The reason for performing this 3-minute drill is twofold. Firstly, it opens up your muscular neural pathways. You’ve been travelling and sitting around doing very little, so you need to remind your muscles of the worst case scenario for the following day. A high intensity brief drill like this will not cause fatigue, but it will leave your muscles prepared and primed for tomorrow’s effort. Leaving the neural floodgates open so that the last thing your body remembers is going ‘fast’ is an essential part of your pre-race taper. Secondly, the anaerobic effort stimulates the mobilisation of an enzyme called glycogen synthetase and a number of other intracellular processes which help you to store carbohydrate – the amount of carbohydrate burned in the single 3-minute interval will be insignificant compared to the amount it will help you to store.

After consuming your recovery drink, continue to consume high carbohydrate/low fat food sources and drink plenty of fluid. Of course, it goes without saying that in your quest to binge in carbohydrate, don’t forget also to consume 20-25g protein every 3 to 4 hours.

As well as the high carbohydrate foods listed in the table above, there are a couple of specialist products available from TORQ that can help this process significantly. Firstly, we have developed a range of high carbohydrate, low fat meals and breakfasts that you can conveniently fit into your carbo-loading schedule. The meals and breakfasts suitable for carbo-loading are our 5:1 varieties, available from the following links:

TORQ 5:1 Carbohydrate:Protein Breakfasts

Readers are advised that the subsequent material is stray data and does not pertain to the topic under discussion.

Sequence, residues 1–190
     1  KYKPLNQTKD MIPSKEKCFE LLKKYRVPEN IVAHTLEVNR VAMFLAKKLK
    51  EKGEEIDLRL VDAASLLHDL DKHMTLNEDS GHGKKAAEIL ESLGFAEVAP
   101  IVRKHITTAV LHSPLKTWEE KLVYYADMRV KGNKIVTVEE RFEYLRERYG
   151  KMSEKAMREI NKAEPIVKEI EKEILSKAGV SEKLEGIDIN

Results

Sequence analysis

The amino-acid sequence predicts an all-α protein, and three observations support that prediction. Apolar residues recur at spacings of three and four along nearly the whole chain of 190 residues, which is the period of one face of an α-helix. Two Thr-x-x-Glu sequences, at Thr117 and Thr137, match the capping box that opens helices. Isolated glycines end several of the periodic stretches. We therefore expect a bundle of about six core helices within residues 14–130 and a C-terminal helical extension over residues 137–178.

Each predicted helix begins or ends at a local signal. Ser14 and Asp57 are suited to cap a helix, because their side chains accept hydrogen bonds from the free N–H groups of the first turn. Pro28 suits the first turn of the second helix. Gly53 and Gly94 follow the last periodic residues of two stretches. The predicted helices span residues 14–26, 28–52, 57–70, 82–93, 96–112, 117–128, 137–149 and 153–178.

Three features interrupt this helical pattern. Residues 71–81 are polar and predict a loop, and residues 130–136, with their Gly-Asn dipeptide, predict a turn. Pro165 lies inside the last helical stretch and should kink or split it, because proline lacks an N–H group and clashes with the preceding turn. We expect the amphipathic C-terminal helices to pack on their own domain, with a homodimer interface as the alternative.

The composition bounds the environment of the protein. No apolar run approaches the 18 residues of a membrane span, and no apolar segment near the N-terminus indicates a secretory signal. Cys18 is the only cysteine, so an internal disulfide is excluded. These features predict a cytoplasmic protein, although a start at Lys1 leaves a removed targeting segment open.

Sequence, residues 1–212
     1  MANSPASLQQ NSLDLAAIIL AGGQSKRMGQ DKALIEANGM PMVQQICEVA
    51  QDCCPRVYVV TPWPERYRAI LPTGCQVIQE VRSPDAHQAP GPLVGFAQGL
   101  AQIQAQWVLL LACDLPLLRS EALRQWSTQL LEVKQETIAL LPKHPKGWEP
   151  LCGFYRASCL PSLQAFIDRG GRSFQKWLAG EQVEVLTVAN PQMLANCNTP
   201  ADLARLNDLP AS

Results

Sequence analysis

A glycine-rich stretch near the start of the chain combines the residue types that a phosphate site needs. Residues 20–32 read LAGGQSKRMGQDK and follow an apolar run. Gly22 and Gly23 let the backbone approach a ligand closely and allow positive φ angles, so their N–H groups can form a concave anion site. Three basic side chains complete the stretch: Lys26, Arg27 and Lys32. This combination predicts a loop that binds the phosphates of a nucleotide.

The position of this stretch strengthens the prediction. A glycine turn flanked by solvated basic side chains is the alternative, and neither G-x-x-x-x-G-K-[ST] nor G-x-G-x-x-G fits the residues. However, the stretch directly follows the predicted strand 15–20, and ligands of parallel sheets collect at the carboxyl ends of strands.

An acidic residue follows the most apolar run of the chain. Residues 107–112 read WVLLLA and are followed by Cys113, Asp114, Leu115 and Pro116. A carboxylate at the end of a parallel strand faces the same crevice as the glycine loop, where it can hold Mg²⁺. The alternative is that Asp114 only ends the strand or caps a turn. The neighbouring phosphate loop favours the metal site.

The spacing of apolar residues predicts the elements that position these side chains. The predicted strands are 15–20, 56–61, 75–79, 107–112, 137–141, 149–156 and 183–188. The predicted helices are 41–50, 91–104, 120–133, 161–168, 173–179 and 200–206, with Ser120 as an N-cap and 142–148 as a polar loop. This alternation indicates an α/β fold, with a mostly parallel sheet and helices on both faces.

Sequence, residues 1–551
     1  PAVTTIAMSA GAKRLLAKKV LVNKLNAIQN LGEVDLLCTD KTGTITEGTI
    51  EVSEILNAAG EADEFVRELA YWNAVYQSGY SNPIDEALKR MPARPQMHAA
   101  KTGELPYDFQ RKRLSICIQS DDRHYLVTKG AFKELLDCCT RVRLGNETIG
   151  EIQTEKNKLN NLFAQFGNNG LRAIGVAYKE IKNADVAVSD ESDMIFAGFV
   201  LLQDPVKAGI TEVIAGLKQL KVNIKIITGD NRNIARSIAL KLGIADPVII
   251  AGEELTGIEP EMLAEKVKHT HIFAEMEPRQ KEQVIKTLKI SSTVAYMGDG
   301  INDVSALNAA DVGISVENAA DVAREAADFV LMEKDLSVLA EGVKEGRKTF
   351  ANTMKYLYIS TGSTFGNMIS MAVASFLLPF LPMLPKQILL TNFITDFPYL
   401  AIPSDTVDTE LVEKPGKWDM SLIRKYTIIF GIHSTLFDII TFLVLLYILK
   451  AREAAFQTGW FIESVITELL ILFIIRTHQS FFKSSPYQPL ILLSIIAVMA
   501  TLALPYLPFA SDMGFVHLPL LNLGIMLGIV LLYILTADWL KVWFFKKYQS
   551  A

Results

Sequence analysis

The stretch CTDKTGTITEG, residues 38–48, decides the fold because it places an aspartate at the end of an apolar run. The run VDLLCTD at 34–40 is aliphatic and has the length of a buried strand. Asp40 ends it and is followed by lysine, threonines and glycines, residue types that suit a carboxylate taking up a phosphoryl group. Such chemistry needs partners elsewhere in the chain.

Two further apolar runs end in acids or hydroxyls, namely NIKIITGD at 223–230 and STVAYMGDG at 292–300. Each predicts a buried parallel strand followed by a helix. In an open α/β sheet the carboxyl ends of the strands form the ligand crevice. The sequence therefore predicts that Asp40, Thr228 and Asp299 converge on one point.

TORQ 5:1 Carbohydrate:Protein Meals

The 5:1 meals and breakfasts have almost identical nutritional profiles, give or take a gram of fat, so it doesn’t matter which one you have, it just comes down to whether you want something sweet or savoury. Where they really excel is that they both contain 25g of high quality protein, so that’s your protein dose dealt with, but also they contain a whopping 125g of carbohydrate per serve. For a 70Kg person, this alone is around 20% of the carbohydrate calories needed for the entire 24-hour period.

The other product that can be immensely useful during the carbo-loading process is our neutral tasting TORQ Energy Organic Energy. This can be added to any food dish (including savoury meals) or can be made into a neutral tasting drink (or you can add squash if you want flavour). It’s highly versatile and is dubbed ‘the invisible calorie’ due to its flavourless nature by coaches of pro riders whose job it is to prepare their athletes for stage racing. 3 scoops of TORQ Energy Organic popped into a large cup of tea or similar beverage will provide the same carbohydrate calories as a sizable bowl of pasta and you’ll barely be able to taste it. For more information on TORQ Energy Organic, click HERE. Below is a table summarising the carbohydrate content in the TORQ Meals, Breakfasts and Organic Energy powder.